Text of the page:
the joy of unrepresentative samples
Let’s start with a question: Why should you believe that representative samples are good? The answer: representative samples produce estimates of the mean that are normally distributed. In plain English, a nice, big random sample will produce an estimate that is probably close to the real answer.
Follow up question: Does it logically follow that all unrepresentative samples produce systematically biased estimates? No, it doesn’t. To see why, you need a little Logic 101. In logic, it is well known that (A –> B) does not automatically entail ( not A –> not B), which is called the “inversion.” To see why ( not A –> not B) might be false, think about this conditional: “If it is a bat, it is a mammal.” Obviously, “if it is not a bat, then it is not a mammal” is not true. In general, you can’t really make any inference about an inversion from a conditional. They are simply different animals.
Let’s return to social science research methods. Our original conditional is: ( the sample is random –> the estimates are normally distributed around the real mean). It doesn’t automatically follow that ( sample is not random –> the estimates are not normally distributed around the real mean). It *might* be true, but it’s not automatically true. It requires a separate argument.
So far, I have not read a general argument showing that unrepresentative or biased samples in *all* cases leads to systematic biases in the estimated parameters. That’s because there probably isn’t such an argument because samples can be biased for all kinds of reasons. In some cases, the bias may matter but in other cases it may irrelevant.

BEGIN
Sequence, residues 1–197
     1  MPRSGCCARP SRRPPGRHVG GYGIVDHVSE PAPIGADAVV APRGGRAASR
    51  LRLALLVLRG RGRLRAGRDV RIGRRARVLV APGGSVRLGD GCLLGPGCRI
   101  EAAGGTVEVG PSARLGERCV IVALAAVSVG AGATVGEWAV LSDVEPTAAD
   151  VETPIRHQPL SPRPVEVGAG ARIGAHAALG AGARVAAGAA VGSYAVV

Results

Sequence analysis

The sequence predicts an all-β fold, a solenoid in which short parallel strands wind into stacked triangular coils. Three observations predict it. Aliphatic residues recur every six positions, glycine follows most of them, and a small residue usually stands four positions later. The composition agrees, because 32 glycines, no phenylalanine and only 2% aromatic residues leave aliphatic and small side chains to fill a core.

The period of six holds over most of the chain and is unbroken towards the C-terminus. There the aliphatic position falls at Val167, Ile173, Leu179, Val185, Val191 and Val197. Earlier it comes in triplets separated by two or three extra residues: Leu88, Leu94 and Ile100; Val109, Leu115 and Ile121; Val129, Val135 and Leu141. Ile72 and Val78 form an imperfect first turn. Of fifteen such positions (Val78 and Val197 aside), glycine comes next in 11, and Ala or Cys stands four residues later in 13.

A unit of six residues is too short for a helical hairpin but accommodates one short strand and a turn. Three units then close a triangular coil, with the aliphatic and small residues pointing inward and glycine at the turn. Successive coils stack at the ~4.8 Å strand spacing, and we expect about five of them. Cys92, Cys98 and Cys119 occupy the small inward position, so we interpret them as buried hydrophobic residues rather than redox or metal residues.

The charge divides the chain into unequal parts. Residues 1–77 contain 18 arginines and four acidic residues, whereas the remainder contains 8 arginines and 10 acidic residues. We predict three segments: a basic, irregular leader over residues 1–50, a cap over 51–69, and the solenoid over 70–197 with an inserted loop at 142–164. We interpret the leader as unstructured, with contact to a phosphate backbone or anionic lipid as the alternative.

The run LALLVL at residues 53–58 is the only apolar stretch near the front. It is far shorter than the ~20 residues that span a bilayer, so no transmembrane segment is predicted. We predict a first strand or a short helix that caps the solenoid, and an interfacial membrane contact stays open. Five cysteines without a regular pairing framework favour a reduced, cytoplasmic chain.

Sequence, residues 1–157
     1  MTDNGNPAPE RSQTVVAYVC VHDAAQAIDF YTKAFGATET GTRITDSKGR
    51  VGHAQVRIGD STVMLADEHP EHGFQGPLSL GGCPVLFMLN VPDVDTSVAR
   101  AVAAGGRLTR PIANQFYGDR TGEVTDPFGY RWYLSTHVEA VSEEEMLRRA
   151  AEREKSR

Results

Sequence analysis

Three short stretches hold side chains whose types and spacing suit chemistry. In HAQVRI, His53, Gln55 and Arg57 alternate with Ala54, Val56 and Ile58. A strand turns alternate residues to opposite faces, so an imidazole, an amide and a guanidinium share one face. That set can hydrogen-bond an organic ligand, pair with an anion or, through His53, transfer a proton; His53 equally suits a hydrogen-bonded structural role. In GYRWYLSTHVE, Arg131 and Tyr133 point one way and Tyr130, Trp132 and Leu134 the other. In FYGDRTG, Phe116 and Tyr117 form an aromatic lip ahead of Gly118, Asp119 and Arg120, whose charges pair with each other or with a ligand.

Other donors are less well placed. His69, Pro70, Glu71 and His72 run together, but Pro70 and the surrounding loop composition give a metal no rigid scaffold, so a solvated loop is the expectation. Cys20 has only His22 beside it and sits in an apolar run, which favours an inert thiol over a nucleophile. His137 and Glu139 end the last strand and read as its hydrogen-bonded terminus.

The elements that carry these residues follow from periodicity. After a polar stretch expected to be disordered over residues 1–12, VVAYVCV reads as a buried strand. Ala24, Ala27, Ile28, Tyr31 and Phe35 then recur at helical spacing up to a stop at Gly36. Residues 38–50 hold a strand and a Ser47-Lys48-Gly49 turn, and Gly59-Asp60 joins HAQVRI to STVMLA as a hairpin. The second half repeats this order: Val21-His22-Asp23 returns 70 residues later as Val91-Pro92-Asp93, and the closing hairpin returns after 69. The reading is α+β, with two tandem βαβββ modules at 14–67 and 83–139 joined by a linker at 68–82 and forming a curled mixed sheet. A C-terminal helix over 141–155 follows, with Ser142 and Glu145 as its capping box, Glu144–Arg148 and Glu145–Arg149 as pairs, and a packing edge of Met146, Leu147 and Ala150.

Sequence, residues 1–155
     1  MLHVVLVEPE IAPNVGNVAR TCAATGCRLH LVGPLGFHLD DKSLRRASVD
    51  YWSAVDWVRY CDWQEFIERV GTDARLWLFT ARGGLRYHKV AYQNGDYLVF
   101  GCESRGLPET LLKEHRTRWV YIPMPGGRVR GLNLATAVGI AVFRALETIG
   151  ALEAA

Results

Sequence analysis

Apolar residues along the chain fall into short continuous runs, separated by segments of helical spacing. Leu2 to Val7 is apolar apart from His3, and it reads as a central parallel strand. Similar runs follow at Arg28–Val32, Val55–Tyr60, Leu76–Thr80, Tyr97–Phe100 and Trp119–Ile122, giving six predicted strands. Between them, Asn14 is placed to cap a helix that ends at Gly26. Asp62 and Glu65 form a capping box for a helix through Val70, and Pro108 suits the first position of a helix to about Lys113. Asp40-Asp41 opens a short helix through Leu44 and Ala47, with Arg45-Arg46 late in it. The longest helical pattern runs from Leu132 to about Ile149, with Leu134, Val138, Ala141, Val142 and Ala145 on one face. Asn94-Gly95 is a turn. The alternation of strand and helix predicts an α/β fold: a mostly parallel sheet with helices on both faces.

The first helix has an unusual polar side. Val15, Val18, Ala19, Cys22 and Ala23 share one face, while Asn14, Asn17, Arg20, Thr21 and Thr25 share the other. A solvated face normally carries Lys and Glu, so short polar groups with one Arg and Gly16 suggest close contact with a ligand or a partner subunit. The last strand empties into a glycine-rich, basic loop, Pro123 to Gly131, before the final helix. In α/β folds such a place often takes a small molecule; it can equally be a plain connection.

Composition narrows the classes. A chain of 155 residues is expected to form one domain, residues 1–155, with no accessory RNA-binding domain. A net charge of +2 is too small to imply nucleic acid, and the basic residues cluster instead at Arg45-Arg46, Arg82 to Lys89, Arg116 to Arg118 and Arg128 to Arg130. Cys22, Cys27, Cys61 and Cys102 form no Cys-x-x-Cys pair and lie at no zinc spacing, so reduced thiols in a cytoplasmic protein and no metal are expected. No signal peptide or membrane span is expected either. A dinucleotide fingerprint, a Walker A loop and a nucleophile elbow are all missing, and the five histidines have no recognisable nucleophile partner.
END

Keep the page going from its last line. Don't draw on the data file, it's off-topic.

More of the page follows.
What’s the point? The point is that social scientists should abandon their knee-jerk rejection of unrepresentative samples. Instead, we should take a “case by case” approach to unrepresentative samples. We have to individually investigate each type of unrepresentative sample to determine if it can be used to estimate a parameter.
If you can accept that, then you open up a whole new world of data. For example, a lot of people can’t accept that futures markets are accurate forecasters of events. One of the arguments is that traders do not accurate resemble voters. True, but that doesn’t logically entail that it is impossible for trader behavior to mimic voter preferences. It *might* be true, but it is not automatically true based on the principle of random sampling. So what does the research say? Well, trading markets predict presidential election tallies better than random samples of voters (polls) 74% of the time. Not bad.
Bottom line: Yes, random samples are good, but they aren’t the last word. Social scientists should be on the lookout for data sources that perform well despite biases in sampling.